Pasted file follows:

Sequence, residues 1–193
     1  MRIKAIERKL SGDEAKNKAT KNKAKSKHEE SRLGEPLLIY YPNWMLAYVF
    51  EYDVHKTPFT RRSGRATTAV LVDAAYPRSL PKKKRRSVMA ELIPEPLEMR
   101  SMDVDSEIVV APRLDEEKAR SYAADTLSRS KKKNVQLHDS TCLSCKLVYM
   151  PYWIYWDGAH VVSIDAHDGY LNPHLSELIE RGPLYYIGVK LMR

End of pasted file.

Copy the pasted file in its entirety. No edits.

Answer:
Sequence, residues 1–193
     1  MRIKAIERKL SGDEAKNKAT KNKAKSKHEE SRLGEPLLIY YPNWMLAYVF
    51  EYDVHKTPFT RRSGRATTAV LVDAAYPRSL PKKKRRSVMA ELIPEPLEMR
   101  SMDVDSEIVV APRLDEEKAR SYAADTLSRS KKKNVQLHDS TCLSCKLVYM
   151  PYWIYWDGAH VVSIDAHDGY LNPHLSELIE RGPLYYIGVK LMR